Men with higher physical strength, like well-built muscles, are more likely to favour inequality in society as well as have apathetic political attitudes towards redistribution of resources, according to a study.
"The study shows a stronger correlation between physical strength and political attitudes...(it) supports that raw physical strength is indeed the decisive factor," said Lasse Laustsen, Associate Professor from the Aarhus University in the UK.
According to the researchers, the findings may help explain the paradox of why some men with limited financial resources still favour financial inequality although they would, in fact, benefit from a greater redistribution of resources.
"Our analysis suggests that these men expect to be able to rise in the hierarchy on their own. And once they reach the top of the hierarchy, an unequal society will increase their chances of maintaining that position," said Laustsen.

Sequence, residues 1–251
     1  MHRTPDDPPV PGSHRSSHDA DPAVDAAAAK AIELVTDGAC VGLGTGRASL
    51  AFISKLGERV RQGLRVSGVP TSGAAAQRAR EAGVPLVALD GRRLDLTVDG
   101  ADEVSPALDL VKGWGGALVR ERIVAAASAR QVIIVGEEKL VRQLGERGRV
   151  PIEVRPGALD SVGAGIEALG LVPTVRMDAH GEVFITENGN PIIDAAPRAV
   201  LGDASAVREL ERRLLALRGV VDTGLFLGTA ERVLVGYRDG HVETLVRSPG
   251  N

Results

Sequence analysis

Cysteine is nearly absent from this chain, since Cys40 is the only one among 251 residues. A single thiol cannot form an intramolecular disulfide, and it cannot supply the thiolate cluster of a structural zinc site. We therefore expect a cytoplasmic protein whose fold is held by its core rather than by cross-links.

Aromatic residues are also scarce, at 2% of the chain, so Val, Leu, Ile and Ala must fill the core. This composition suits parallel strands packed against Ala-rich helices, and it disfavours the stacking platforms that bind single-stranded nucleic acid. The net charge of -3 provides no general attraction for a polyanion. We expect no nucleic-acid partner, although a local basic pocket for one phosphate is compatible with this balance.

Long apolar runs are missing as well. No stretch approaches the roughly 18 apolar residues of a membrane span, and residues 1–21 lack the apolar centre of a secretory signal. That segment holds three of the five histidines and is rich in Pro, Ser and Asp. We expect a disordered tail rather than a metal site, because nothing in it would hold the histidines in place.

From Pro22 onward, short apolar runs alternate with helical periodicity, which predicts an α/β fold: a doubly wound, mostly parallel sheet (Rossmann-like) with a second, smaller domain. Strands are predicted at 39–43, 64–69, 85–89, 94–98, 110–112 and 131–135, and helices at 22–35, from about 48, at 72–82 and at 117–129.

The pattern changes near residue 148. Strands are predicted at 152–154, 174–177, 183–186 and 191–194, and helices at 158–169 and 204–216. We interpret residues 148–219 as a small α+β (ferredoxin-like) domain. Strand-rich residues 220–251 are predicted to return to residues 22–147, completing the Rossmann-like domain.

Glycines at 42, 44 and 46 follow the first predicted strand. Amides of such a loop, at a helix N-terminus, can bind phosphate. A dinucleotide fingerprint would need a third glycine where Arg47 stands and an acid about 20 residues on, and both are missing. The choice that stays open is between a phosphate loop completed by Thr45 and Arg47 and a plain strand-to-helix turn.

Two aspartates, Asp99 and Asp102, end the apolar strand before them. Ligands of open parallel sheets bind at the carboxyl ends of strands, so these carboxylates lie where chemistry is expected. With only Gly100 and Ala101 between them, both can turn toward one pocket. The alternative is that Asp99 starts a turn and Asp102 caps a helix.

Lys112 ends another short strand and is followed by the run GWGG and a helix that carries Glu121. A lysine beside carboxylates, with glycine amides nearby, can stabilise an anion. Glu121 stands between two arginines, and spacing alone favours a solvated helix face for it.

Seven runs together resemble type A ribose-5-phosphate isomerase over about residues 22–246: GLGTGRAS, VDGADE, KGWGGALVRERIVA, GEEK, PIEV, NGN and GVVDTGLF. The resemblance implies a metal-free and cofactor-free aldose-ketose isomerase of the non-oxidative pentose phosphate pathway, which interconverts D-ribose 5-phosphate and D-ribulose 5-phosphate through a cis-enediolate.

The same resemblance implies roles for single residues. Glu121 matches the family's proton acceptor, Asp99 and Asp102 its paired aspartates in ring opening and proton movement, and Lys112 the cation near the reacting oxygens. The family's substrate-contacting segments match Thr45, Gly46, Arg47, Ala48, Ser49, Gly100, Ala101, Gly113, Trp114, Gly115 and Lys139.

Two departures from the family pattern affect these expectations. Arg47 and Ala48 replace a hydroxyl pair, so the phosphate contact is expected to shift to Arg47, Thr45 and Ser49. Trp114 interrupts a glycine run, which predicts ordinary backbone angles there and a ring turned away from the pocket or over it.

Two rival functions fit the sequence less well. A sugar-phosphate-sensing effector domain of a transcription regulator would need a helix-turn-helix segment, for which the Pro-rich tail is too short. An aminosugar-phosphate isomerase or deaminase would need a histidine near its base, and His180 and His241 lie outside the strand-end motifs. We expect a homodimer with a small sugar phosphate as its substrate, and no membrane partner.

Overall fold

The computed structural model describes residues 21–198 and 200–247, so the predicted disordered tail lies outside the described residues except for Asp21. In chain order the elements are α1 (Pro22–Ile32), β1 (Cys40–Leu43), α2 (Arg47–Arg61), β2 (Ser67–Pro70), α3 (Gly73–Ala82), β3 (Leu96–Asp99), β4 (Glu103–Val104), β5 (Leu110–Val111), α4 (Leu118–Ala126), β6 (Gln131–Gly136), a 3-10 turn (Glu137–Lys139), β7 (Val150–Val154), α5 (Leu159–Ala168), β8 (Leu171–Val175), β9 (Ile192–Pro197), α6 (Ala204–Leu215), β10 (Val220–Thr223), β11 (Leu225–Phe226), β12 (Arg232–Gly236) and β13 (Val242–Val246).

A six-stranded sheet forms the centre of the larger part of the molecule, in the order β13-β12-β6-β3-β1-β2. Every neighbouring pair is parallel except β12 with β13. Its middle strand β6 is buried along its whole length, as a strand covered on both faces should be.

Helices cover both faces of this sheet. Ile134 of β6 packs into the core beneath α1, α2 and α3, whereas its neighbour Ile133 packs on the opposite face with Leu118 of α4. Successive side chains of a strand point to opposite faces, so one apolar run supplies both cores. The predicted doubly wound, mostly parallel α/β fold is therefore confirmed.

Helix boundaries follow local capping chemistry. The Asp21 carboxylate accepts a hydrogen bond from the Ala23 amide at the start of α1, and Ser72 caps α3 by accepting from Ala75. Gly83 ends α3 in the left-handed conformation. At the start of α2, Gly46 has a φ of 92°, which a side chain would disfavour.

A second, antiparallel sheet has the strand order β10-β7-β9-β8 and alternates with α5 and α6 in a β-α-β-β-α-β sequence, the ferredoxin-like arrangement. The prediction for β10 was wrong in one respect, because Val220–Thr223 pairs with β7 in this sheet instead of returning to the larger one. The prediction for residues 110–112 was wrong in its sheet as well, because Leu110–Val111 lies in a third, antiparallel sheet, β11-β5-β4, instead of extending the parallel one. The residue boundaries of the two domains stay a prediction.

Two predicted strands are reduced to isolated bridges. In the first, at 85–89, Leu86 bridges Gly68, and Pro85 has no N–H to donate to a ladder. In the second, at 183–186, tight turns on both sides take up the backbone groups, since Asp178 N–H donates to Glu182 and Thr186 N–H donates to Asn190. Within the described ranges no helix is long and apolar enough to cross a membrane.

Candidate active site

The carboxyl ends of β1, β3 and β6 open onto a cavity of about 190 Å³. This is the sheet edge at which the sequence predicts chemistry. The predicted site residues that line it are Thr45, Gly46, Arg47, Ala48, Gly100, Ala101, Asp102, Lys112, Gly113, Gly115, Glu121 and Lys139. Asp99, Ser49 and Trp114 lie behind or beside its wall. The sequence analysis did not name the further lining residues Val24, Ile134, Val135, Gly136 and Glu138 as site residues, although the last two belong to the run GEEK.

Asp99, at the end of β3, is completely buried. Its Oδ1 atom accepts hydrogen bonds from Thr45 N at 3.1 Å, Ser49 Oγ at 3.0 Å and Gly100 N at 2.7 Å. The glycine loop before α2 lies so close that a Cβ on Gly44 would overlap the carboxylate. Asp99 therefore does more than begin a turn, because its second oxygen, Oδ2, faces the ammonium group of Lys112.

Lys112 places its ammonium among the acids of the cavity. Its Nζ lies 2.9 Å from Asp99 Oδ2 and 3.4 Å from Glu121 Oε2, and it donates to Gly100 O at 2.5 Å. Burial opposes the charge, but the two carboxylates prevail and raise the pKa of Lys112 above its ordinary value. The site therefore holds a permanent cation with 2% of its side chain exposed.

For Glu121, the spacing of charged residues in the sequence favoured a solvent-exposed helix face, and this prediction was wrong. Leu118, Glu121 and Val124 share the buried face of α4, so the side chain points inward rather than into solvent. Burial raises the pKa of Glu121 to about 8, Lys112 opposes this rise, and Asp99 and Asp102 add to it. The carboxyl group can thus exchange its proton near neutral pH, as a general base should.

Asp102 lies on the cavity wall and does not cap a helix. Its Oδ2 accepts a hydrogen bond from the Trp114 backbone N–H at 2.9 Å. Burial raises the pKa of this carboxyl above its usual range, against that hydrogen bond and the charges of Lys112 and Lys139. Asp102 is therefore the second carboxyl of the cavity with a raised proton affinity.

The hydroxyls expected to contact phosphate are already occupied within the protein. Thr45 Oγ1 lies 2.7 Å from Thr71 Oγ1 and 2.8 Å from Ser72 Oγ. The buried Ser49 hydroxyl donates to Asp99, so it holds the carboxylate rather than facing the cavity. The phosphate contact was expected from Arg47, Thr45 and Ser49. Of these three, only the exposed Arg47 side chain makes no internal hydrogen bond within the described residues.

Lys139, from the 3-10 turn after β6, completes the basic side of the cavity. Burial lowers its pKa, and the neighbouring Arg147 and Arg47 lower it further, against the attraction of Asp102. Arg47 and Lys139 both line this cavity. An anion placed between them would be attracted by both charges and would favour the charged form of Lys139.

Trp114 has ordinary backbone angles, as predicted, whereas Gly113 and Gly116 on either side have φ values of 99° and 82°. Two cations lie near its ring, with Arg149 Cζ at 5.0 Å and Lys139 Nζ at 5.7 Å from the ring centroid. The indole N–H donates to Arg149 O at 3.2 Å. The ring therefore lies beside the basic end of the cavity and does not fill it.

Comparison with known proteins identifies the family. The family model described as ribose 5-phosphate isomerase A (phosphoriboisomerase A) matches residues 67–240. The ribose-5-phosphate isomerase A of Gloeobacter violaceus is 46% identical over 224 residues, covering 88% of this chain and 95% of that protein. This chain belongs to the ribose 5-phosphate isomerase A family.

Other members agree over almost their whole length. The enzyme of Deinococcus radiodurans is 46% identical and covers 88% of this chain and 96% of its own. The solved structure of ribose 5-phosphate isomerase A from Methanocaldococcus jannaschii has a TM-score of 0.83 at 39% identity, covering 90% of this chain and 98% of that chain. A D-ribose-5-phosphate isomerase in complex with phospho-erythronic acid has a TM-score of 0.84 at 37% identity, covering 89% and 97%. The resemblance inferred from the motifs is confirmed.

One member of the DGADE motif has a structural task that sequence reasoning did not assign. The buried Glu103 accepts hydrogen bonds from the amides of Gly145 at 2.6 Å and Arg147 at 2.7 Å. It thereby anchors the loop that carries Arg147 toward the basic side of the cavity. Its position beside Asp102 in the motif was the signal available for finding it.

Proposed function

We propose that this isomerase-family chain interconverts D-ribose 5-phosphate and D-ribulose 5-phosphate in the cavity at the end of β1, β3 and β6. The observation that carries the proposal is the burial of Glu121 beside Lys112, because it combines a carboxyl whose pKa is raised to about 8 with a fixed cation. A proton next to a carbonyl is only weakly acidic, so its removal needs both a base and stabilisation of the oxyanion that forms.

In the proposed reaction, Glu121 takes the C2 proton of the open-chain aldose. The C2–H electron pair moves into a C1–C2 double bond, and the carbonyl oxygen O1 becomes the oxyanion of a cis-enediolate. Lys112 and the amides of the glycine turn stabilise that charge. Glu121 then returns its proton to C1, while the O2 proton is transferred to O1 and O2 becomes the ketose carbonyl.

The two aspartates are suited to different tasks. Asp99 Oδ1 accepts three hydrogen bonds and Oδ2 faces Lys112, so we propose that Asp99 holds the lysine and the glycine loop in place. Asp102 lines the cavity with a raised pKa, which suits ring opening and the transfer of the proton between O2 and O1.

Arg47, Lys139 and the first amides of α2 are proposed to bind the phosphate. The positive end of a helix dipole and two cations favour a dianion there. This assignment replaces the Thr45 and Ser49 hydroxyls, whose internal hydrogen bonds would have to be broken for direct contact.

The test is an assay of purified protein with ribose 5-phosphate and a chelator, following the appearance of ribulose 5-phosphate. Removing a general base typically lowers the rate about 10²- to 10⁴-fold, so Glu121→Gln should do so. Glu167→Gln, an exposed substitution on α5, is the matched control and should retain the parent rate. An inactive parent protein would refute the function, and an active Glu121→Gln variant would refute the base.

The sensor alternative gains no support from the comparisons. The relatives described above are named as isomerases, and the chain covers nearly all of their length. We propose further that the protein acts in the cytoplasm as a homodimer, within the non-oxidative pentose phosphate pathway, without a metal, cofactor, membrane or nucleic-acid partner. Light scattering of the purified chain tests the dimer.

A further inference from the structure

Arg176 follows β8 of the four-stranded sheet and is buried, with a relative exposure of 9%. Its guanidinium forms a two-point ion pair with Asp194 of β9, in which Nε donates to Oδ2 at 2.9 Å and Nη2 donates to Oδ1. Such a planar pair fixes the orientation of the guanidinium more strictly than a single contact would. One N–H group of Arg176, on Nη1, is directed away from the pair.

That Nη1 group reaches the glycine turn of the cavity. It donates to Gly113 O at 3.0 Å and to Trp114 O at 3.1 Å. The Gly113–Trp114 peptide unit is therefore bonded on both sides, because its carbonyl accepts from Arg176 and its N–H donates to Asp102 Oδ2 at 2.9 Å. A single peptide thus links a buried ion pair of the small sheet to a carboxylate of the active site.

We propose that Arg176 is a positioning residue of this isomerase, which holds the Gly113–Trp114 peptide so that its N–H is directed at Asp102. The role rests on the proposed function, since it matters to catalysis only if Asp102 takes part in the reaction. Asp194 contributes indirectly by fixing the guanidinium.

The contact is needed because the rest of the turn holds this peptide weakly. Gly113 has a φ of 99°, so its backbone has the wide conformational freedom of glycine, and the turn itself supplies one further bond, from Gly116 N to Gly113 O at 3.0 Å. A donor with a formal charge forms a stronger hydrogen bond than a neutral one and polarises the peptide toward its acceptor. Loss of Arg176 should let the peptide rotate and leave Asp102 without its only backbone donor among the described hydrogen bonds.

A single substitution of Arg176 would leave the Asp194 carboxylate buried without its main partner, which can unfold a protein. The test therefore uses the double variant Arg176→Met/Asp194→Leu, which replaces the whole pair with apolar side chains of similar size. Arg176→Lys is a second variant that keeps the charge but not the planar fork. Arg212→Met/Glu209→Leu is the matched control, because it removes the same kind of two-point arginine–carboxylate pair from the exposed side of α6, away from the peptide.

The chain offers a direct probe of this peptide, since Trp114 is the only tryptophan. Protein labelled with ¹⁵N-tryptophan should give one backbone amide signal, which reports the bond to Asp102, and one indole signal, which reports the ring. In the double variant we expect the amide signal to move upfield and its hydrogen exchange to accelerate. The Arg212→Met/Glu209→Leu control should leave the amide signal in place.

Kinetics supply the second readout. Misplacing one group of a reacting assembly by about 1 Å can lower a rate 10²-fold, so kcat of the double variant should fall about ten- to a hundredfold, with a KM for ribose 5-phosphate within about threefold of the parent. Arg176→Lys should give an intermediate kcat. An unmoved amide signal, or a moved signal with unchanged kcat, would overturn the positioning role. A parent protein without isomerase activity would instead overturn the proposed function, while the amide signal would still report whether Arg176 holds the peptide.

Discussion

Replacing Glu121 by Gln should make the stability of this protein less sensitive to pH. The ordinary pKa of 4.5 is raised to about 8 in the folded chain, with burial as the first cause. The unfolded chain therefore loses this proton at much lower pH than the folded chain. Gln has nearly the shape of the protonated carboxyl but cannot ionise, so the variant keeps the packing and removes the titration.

The study, published in the journal Political Psychology, takes a cue from the study of animals which explains that physical strength shapes the conflict behaviour of animals.
If animals are larger and stronger than their rivals, they are prone to attempt to assert themselves in the struggle for status and resources.
However, if they are weaker than their rivals, they are likely to withdraw from the conflict.
"Today, physical strength is highly unlikely to affect how big a share of society's resources you are able to acquire. However, our data show that physical strength nonetheless continues to affect men's political attitudes towards redistribution," Laustsen added.
For the study, the team measured and asked about the physical strength of 6,349 participants who belonged to different nationalities.
The results showed that men who trained their upper-bodies for two months became more positive towards inequality.
However, no link between physical strength and political attitudes concerning women was observed.
(With inputs from agencies.)